"This year, we found a 7 foot tall cardboard Statue of Liberty and displayed it prominently. And to sweeten our philosophizing, we provided big containers of small chocolate-chip cookies from Trader Joe's for hungry students.

"We usually have about ten LP volunteers. We know that it is important to talk one-on-one with these bright students. Remember that these students are involved in JSA because they are interested in political science. They volunteer time to their local JSA club on campus. So they are active, interested achievers, everything that is needed in the Libertarian Party.

"The JSA organizes conventions in both Northern and Southern California. I suspect the JSA does the same in other states, which means that each state LP should contact their local JSA office.

"As for long-term results, one of the students in charge of last year's JSA fair had read my Facets of Liberty the year before and was quite impressed. He was very eager to help out with as many literature tables as I wanted, and provided me with the best location in the convention display room."


These efforts by the Monterey and Santa Clara Libertarians started small. They accepted an invitation and made the most of it. Each year they did this, they could not necessarily anticipate how the invitation to participate would be expanded. They just went out and did the OPH booth because, hey, that's what we do.

What Lawrence did not mention can be found in a recent LP News article on Gary Nolan's campaign. Nolan got his opportunity to speak at the JSA events this year precisely because of the groundwork laid by these local Libertarians. This in turn has led to more speaking engagements for Nolan, more chances for him to use his campaign to promote the Libertarian message nationwide.

And finally, one part that really struck me was how one of the event organizers had read Lawrence's book the year before and was impressed. Of course, it's always wonderful to hear that kind of feedback, to know that you had such a positive influence on someone.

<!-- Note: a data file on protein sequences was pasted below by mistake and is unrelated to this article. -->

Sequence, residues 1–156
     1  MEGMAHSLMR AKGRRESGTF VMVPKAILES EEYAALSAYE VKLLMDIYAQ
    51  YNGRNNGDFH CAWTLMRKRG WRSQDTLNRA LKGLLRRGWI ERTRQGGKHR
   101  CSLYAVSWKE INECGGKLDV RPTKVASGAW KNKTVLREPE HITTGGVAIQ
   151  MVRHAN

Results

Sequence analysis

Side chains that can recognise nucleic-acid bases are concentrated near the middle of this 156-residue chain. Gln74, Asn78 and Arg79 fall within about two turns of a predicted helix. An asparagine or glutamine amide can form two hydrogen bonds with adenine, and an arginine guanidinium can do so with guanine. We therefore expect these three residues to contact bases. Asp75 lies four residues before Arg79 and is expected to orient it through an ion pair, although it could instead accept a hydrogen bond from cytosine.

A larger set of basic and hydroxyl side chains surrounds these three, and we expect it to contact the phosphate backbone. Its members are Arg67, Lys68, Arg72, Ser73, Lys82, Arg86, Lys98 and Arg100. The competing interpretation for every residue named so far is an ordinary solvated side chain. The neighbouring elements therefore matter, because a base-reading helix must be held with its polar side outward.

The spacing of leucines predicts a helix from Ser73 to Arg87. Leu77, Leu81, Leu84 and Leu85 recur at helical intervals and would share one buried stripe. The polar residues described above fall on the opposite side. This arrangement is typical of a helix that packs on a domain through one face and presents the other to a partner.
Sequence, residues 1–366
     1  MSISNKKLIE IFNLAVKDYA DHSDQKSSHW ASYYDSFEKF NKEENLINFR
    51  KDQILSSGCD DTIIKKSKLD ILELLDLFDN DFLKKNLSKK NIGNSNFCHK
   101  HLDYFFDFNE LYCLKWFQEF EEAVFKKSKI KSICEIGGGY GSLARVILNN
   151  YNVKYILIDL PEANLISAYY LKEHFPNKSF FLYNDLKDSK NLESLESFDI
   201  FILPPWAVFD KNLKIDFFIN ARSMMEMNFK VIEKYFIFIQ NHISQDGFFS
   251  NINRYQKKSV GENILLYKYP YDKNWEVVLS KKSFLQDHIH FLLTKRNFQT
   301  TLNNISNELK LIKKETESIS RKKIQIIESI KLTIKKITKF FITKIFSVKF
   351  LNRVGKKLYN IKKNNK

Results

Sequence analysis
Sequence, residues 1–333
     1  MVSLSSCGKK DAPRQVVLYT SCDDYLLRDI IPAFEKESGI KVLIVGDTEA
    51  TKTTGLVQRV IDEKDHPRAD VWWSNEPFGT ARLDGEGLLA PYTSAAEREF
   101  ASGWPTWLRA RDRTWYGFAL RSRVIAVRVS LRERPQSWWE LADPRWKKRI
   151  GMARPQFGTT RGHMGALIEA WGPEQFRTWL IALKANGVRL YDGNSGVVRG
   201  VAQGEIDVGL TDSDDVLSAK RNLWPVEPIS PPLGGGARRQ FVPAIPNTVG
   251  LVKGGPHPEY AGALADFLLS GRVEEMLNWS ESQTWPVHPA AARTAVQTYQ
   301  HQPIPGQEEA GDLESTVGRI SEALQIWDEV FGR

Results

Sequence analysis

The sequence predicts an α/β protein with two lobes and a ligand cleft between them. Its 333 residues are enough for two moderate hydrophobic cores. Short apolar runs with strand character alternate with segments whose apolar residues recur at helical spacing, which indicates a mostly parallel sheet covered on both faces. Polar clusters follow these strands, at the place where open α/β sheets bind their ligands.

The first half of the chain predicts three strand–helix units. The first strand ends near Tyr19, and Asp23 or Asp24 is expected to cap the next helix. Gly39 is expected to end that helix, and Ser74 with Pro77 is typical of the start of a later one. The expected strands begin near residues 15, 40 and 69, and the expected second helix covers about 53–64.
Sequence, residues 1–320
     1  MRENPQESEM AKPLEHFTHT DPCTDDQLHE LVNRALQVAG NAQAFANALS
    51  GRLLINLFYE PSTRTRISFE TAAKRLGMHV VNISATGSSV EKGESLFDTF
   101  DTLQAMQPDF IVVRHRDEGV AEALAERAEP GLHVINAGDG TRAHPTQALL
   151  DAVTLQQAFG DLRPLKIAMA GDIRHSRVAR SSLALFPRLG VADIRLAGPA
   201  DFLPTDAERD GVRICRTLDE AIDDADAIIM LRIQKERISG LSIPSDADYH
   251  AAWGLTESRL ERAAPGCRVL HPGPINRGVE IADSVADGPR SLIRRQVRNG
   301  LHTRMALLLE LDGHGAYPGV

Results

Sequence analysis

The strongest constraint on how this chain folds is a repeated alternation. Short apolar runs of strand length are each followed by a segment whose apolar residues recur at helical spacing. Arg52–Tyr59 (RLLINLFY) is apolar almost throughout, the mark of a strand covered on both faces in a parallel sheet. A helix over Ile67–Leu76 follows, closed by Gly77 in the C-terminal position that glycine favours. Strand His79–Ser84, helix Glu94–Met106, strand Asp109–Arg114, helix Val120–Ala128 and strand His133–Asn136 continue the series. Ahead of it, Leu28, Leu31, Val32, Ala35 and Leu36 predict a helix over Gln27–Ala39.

But realize, Lawrence did not know about this until a year later. During that time, unknown to him, this student had been acting on the information he had received at our booth. Indeed, Lawrence would never have found out at all if he hadn't been told directly.

I have to ask, how many more examples must there be of people who heard what you had to say, or read what you gave to them, were influenced by it, and never had the opportunity to tell you about it?

You can't measure the value of an outreach booth simply by the number of names you collected, or even by what doors are opened for you, or the political network you create by doing outreach. There is an intangible result that may or may not ever make itself tangible to you.

For all you know, you sparked the thoughts of someone who becomes active in their local party, or maybe a future newspaper editor that is helpful to Libertarian candidates, or maybe just a person who for the rest of their lives tells their friends and colleagues to vote Libertarian. Hey, dare to dream, maybe that student you just introduced to Liberty will eventually become the first Libertarian President.

From small things, big things can come.


Sean Haugh is the Executive Director of the Libertarian Party of North Carolina . Sean is married to longtime Libertarian Pam Adams, and they have a family of three dogs and five cats. Besides them, Sean loves God, Liberty, and Oklahoma Sooners football. Write to Sean at seanhaugh@mindspring.com .




Libertarian Party booth at the April 2005 JSA convention in Santa Clara